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Prescription Glasses

AzAfshinAzAfshin Member Posts: 2,986 ✭✭
So it's happened. My Lasik has worn off and I have to wear glasses again. To make it even worse, old eyes has forced me to get progressives. I've been wearing the glasses for almost a year now and have gotten used to them, but have definitely noticed that it's affecting my aim specially when using iron sights.

Here're my questions about glasses and shooting:

1. Should I get a dedicated single prescription set of glasses for shooting? If I do, should these be set for 20/20 vision or at the strength needed for reading?

2. What's the optimal lens material? Let's face it, we spend thousands on good optics for our scopes, but when they make our glasses they use the cheapest plastic lenses they can get away with. Are there better lenses available?

Yes, I am accurate enough that I have noticed a difference due to my current glasses, so please no responses that nobody is that accurate.

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    charliemeyer007charliemeyer007 Member Posts: 6,579 ✭✭✭
    edited November -1
    The front sight needs to be sharp and clear - the target and the rear can be fuzzy. Lexan lens hold up ok, and are way lighter when talking about coke bottle bottom lenses.

    You might try a pair of the adjustable lens glasses to see what works best for you. -6 to +3. Very tunnel vision as zone in focus is small.

    https://adlens.com/product/adjustables/ They were about $50 but I think you can find them cheaper now.

    added Back in the 70's as a kid I had an eye doc that would spend the time with me to dial in shooting glasses. I had to schedule the appointment for his less busy time but boy was it worth it when it came to offhand shooting an iron sighted rifle. Had to wait a few years to develop pistol skills. A better pistol would have helped matters along.
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    AzAfshinAzAfshin Member Posts: 2,986 ✭✭
    edited November -1
    Thanks Charlie, those are pretty cool and would work really well for what I have in mind except I also have astigmatism (should have mentioned this before), so I have to stick with the prescription glasses.
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    nononsensenononsense Member Posts: 10,928 ✭✭✭✭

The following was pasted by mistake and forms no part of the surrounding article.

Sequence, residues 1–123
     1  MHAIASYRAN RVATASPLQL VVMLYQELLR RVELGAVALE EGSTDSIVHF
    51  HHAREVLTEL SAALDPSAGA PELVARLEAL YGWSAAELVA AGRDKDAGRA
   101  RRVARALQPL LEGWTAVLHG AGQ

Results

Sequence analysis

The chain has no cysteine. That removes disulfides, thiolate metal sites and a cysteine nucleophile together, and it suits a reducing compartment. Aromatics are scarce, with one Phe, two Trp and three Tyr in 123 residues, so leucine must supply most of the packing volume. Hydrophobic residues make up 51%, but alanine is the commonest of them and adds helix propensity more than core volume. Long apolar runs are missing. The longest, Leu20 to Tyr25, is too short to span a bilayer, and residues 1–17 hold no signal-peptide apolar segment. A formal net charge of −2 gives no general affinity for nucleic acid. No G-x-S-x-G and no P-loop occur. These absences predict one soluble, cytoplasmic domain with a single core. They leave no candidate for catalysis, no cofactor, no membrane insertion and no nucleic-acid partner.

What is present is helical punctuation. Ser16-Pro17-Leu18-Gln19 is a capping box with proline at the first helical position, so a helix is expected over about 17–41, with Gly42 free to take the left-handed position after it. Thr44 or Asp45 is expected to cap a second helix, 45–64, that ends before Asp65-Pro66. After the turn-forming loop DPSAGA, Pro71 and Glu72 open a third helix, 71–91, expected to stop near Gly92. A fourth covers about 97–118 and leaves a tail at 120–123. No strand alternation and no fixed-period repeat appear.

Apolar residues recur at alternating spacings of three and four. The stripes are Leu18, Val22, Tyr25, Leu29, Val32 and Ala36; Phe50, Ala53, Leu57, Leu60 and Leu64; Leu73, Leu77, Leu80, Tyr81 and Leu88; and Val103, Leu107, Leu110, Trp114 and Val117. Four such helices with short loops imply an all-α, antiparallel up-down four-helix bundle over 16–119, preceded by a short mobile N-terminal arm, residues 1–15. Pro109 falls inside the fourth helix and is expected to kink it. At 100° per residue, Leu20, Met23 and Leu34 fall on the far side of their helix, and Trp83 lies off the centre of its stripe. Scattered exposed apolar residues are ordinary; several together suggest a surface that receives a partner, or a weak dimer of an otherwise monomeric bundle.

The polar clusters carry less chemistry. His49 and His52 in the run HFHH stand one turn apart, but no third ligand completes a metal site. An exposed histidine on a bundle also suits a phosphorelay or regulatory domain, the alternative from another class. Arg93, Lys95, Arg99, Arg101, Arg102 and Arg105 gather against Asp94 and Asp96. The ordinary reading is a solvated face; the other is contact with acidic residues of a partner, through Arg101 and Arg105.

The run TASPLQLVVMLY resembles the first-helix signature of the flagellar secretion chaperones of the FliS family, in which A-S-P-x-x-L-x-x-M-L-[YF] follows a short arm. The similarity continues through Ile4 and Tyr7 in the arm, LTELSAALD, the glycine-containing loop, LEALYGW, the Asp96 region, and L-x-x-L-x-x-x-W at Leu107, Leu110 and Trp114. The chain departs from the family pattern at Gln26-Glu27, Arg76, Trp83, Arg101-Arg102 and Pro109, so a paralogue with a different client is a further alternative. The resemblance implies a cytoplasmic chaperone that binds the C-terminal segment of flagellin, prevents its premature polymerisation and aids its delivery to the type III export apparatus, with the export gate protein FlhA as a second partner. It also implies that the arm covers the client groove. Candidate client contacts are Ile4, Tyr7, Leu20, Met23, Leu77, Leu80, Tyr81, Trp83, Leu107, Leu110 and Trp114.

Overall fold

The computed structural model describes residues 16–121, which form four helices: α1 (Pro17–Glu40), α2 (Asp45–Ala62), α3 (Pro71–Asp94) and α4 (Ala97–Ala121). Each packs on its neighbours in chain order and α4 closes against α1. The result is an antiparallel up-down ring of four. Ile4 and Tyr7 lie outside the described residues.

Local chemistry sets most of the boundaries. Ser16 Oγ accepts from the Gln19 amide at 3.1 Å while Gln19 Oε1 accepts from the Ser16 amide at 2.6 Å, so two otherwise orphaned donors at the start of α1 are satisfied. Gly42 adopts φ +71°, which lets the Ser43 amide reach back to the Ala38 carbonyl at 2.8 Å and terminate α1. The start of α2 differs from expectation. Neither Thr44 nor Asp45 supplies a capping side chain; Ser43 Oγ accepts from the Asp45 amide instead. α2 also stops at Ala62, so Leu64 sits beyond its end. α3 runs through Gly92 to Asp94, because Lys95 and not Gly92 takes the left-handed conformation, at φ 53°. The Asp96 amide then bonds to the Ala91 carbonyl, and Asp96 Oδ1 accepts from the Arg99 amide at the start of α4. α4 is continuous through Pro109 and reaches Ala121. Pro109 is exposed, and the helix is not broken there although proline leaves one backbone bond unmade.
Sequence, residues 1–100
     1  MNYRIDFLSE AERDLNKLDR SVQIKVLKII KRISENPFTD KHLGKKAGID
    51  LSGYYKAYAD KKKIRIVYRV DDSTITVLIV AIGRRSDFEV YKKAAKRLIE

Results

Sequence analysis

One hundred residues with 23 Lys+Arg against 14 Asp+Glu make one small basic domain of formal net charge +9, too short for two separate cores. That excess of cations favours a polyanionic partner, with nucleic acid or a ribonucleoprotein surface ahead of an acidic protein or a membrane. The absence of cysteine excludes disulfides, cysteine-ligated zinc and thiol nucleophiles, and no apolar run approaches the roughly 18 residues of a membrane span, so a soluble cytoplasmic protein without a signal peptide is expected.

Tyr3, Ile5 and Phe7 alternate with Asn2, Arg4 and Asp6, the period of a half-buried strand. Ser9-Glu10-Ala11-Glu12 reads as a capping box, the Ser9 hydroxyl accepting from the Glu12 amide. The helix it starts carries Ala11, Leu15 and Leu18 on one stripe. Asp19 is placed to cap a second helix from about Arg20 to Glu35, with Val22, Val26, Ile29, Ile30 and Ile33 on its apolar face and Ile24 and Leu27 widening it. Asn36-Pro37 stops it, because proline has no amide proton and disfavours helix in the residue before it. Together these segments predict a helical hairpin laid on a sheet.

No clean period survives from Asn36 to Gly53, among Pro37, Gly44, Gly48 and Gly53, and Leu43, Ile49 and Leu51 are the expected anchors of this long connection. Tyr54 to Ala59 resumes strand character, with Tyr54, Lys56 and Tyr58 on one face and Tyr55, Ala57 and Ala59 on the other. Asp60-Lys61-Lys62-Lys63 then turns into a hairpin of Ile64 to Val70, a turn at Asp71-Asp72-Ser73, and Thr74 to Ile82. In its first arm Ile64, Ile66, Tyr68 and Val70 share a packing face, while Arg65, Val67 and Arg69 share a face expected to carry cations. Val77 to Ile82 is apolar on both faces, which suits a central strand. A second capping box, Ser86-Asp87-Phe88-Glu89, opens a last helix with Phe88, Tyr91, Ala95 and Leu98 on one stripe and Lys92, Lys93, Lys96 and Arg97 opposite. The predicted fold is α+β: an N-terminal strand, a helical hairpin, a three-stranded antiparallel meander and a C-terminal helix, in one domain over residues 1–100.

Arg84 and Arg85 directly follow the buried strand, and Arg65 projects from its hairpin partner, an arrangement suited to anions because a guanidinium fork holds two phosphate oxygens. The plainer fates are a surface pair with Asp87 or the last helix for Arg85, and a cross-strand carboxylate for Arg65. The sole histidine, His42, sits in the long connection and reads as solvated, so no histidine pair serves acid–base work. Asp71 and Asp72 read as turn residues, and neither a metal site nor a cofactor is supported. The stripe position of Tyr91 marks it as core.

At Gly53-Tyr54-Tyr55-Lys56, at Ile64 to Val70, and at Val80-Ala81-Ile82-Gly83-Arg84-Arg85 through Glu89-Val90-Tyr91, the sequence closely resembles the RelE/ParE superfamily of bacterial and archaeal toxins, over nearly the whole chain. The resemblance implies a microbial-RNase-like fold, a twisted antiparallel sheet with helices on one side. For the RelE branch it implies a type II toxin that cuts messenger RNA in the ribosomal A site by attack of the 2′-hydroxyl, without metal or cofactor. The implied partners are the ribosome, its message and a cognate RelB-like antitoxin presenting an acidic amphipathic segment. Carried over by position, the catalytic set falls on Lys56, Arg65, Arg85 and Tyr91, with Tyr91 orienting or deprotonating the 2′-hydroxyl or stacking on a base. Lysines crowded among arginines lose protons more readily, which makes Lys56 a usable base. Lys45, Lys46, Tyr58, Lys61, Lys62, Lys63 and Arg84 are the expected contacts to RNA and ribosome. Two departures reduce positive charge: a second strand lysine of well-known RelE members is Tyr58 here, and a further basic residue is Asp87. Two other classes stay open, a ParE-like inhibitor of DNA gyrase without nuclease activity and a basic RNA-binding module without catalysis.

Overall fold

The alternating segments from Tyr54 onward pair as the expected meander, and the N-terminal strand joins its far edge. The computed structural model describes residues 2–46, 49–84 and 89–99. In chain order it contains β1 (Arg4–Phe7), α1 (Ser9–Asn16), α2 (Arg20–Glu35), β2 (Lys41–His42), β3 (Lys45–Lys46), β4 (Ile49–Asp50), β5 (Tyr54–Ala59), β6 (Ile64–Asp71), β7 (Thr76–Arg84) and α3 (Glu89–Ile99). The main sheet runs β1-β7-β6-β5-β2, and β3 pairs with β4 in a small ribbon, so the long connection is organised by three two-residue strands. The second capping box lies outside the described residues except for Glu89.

edited November -1
    AzAfshin,

    I wear trifocals for working but I don't need glasses to drive or get around. But I have an astigmatism also which means I have several pairs of glasses set for various types of shooting. I no longer believe in trying to aggravate myself shooting iron sights except for handguns which for some reason I can shoot with better than decent accuracy.

    Find a good Optometrist or Ophthalmologist who is firearm friendly and ask him for his help. That's what I did and he has solved every drawback I can come up with.

    Best.
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    MIKE WISKEYMIKE WISKEY Member, Moderator Posts: 9,979 ******
    edited November -1
    YOU CAN HAVE THE CENTER OF THE PRESCRIPTION 'OFFSET' TO MATCH YOUR SHOOTING STYLE ALSO, SAY, OFFHAND PISTOL OR PRONE RIFLE.
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    AzAfshinAzAfshin Member Posts: 2,986 ✭✭
    edited November -1
    Great suggestions, thanks Gents.

    What about the material? What lens material gives the best optical transmission?
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    TfloggerTflogger Member Posts: 3,300 ✭✭✭
    edited November -1
    quote:Originally posted by AzAfshin
    Great suggestions, thanks Gents.

    What about the material? What lens material gives the best optical transmission?

    I use the same polycarbonate lenses for shooting and safety at work.
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    perry shooterperry shooter Member Posts: 17,390
    edited November -1
    I shot for many years with poor eyesight corrected with glasses I was near sighted as well as bad ASTIGMATISM but I coud shoot and for the most part see front sight very well in good bright light Just like a camera with small lens opening field of focus becomes shorter in dim light . I then developed FLOATERS drove me crazy in Rapid fire .I had operation on floaters that worked great except it does lead to other problems however those problems can also be corrected with a lens implant I had a number of test cornea Mapping etc I now have 20/15 vision in this EYE No ASTIGMATISM . If I had this type of vision 40 years ago who knows what I could have done . My advise is you don"t have to live with poor vision get the best DOC you can find.
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